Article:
27. 27.
    Li, C., Zhang, F.: A survey on the stability of fractional differential equations. Eur. Phys. J. Spec. Top. 193(1), 27–47 (2011)CrossRefGoogle Scholar
  28. 28.
    Lorenzo, C.F., Hartley, T.T.: Energy considerations for mechanical fractional-order elements. J. Comput. Nonlinear Dyn. 10, (2015)Google Scholar
  29. 29.
    Luo, Y., Chen, Y.Q.: Fractional Order Motion Controls. Wiley, New Jersey (2012)CrossRefGoogle Scholar
  30. 30.
    Lurie, B.J.: Three-parameter tunable tilt-integral-derivative (TID) controller (1994)Google Scholar
  31. 31.
    Ma, C., Hori, Y.: Fractional-order control: theory and applications in motion control [past and present]. IEEE Ind. Electron. Mag. 1(4), 6–16 (2007)CrossRefGoogle Scholar
  32. 32.
    Machado, J.T., Kiryakova, V., Mainardi, F.: Recent history of fractional calculus. Commun. Nonlinear Sci. Numer. Simul. 16(3), 1140–1153 (2011)MathSciNetCrossRefzbMATHGoogle Scholar
  33. 33.
    Minsky, M., Ming, O.y., Steele, O., Brooks Jr., F.P., Behensky, M.: Feeling and seeing: issues in force display. In: Proceedings of the Symposium on Interactive 3D Graphics, pp. 235–241 (1990)Google Scholar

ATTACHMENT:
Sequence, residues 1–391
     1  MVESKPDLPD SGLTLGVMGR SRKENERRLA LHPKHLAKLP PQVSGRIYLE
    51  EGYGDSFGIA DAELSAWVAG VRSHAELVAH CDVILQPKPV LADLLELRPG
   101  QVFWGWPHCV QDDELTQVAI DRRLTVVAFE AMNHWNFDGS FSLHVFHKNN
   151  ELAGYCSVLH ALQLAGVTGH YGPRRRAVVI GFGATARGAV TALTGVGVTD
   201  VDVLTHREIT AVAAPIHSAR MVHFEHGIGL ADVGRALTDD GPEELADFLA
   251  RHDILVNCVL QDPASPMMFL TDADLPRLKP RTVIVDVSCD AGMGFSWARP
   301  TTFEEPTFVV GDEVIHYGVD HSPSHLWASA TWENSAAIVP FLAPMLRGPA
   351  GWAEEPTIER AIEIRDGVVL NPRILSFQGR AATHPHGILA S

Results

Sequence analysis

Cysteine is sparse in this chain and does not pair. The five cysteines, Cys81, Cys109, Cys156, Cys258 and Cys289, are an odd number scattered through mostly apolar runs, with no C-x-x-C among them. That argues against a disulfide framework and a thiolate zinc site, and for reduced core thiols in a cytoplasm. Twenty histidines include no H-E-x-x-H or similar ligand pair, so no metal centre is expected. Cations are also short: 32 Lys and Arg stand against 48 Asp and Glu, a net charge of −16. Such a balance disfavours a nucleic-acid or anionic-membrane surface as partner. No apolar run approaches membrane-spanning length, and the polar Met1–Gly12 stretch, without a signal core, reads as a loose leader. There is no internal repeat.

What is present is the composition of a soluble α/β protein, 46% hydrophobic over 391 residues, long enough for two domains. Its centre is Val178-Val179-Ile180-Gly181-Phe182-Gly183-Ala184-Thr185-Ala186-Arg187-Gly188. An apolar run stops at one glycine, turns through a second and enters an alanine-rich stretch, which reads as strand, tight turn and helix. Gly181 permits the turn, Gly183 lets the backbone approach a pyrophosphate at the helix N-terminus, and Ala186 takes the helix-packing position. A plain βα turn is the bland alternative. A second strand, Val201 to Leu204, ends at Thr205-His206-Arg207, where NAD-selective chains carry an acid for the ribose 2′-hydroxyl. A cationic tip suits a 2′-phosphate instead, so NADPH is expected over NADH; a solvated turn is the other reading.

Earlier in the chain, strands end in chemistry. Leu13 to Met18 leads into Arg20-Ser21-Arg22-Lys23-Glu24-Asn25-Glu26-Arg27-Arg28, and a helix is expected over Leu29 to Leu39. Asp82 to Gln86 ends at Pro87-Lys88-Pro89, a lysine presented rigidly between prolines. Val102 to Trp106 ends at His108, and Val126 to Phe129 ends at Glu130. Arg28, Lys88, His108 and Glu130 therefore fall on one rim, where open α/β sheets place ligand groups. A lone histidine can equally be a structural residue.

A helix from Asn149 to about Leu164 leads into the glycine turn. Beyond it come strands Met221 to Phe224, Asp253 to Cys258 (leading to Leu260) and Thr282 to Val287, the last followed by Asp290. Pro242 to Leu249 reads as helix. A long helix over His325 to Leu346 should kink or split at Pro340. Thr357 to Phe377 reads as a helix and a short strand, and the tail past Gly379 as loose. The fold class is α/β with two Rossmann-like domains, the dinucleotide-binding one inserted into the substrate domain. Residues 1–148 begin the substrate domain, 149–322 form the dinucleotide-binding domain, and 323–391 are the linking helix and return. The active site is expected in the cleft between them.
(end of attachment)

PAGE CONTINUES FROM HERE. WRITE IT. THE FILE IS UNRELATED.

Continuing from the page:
34. 34.
    Monje, C.A., Chen, Y.Q., Vinagre, B.M., Xue, D., Feliu-Batlle, V.: Fractional-order systems and controls: fundamentals and applications. Springer, London (2010)CrossRefzbMATHGoogle Scholar
  35. 35.
    Oldham, K.B., Spanier, J.: The Fractional Calculus. Academic Press, Cambridge (1974)zbMATHGoogle Scholar
  36. 36.
    Ortigueira, M.D.: Fractional Calculus for Scientists and Engineers. Springer, Netherlands (2011)CrossRefzbMATHGoogle Scholar